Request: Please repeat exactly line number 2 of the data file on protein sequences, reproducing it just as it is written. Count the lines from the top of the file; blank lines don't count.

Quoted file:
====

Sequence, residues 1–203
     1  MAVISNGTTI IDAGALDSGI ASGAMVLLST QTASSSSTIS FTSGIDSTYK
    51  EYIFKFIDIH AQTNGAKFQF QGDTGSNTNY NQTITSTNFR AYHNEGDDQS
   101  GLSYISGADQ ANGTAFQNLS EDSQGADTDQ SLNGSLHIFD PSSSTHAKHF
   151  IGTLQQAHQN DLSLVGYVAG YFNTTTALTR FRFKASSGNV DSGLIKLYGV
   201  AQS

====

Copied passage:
     1  MAVISNGTTI IDAGALDSGI ASGAMVLLST QTASSSSTIS FTSGIDSTYK